The return of non-examination classes tomorrow will mark the last stage of the phased re-opening of schools this year following two months of disruptions due to a surge in Covid-19 cases.
After losing almost the entire 2020 school calendar because of national lockdowns that were introduced to slow down the spread of the infectious disease, 2021 started on a very bad note for Zimbabwe’s education sector.
A lot of time has already been lost this year and it might be difficult to recover given the uncertainty caused by the prevalence of Covid-19.
The disease that was first detected in Zimbabwe a year ago, remains a very huge threat with a third wave looming if global trends are anything to go by.
Expectations are that schools and the government have come up with solid plans to enable children to catch with their studies within a very short period of time.
The situation in public schools, however, is not promising because teachers are disgruntled and the government does not to seem to care.
Teachers, like the majority of government workers, are not happy about the level of their remuneration and have been grumbling for a couple of years now.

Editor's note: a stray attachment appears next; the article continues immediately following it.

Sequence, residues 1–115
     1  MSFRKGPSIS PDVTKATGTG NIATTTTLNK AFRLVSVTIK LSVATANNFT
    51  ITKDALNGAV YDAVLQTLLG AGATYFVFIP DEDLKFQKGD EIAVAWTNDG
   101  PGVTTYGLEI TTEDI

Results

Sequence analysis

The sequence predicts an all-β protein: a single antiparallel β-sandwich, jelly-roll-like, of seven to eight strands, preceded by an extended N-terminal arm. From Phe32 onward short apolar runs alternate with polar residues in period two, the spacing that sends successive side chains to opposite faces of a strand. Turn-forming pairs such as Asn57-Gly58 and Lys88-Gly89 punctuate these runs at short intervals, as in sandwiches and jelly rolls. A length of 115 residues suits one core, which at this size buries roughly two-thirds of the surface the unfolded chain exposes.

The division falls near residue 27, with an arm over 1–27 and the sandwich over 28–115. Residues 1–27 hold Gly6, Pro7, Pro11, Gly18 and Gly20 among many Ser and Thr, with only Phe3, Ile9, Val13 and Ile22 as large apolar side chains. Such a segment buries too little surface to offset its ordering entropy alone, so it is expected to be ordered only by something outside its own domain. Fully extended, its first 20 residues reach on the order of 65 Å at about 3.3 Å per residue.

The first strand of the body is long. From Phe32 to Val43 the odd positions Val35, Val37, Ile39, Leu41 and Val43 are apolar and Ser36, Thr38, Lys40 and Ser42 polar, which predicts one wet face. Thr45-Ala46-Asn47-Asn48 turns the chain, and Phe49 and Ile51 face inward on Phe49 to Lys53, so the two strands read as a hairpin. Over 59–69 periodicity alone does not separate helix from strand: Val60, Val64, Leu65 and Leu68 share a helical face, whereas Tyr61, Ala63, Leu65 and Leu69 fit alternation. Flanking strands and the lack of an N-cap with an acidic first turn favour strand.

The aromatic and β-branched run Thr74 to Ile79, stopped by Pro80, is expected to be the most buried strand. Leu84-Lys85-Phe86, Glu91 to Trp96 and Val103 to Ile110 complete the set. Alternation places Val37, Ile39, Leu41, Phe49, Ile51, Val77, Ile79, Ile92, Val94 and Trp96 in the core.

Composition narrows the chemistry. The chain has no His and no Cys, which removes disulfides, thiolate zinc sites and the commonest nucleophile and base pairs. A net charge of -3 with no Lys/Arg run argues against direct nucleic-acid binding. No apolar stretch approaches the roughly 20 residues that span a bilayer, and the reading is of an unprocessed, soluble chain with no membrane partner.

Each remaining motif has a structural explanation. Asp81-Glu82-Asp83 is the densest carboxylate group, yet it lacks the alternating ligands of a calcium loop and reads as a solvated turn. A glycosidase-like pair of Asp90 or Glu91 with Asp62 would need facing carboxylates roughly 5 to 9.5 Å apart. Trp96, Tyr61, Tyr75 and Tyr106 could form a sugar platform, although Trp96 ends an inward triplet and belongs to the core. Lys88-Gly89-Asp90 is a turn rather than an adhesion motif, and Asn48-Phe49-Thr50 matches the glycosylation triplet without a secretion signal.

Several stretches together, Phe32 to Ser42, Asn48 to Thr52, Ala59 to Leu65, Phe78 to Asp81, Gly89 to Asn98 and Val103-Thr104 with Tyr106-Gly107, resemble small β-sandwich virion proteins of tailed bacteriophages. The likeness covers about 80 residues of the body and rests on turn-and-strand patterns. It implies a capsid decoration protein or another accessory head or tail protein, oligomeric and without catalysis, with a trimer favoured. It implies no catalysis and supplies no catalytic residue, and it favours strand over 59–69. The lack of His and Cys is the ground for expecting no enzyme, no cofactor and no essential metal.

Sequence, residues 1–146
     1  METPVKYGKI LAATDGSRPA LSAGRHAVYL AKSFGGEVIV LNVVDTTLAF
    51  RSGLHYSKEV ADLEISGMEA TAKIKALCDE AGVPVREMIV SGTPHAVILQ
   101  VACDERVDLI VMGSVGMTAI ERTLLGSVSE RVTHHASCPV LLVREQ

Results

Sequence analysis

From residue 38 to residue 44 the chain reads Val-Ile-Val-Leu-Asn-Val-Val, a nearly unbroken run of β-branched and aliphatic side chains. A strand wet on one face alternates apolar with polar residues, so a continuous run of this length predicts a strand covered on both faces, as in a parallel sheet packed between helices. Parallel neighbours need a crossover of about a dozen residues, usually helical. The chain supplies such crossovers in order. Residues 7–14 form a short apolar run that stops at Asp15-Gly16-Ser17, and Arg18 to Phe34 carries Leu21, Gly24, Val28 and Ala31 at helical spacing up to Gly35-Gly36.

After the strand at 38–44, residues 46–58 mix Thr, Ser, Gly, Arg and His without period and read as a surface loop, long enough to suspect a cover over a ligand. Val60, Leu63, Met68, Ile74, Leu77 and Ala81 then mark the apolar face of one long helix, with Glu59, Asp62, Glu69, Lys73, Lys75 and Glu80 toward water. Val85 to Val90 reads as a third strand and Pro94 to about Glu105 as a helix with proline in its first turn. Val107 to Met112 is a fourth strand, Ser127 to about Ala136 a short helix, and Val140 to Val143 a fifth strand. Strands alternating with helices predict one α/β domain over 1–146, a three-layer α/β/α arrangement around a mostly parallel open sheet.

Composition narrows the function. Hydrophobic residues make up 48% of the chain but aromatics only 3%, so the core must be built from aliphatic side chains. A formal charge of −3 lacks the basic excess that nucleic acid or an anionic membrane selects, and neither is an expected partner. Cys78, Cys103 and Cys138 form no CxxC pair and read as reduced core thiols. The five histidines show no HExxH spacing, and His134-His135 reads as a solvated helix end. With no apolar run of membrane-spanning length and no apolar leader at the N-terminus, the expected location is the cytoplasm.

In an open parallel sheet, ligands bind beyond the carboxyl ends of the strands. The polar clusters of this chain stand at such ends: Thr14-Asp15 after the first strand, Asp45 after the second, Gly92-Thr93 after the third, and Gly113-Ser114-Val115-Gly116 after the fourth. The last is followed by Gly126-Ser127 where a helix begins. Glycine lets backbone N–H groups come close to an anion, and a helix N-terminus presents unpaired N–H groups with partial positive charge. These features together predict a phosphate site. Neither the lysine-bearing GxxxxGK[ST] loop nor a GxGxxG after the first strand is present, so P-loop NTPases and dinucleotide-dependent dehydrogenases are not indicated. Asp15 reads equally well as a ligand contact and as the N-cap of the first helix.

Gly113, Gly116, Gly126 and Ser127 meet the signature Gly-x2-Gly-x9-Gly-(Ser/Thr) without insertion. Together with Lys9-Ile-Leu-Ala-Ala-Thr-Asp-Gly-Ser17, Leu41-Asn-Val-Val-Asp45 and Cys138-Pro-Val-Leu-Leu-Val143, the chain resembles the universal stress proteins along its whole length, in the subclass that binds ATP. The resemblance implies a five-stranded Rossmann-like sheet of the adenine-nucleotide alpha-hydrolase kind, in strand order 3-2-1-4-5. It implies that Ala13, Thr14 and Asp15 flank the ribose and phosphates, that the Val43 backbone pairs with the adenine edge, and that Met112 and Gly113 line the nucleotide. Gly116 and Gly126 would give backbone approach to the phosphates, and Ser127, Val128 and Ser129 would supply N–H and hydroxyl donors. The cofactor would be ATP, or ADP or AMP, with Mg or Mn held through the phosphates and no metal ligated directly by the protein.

They have been demanding the restoration of their salaries to pre-October 2018 levels when the government started paying them in local currency.
Civil servants want their salaries to be pegged in United States dollars because the local currency has been losing value in a very big way.
Salaries have been eroded by inflation and some teachers may not be able to raise bus fares to return to their workstations.
The government has been very dismissive of unions that have been raising complaints about their employer’s reluctance to review their conditions of service.
Last year teachers went on a prolonged strike, but they ended up returning to work after the government simply ignored them.
It was the schoolchildren, who suffered most from the stalemate because they were not learning.
A similar scenario could play out this term as some unions are already indicating that their members would not return to class until their demands for improved working conditions are met.
There is a likelihood that those who will be intimidated to return to work will not be teaching in protest.
It is, therefore, important for the government to move away from its business as usual approach in dealing with problems in the education sector.
Only dialogue between the employer and its employees will ensure the smooth running of schools this term.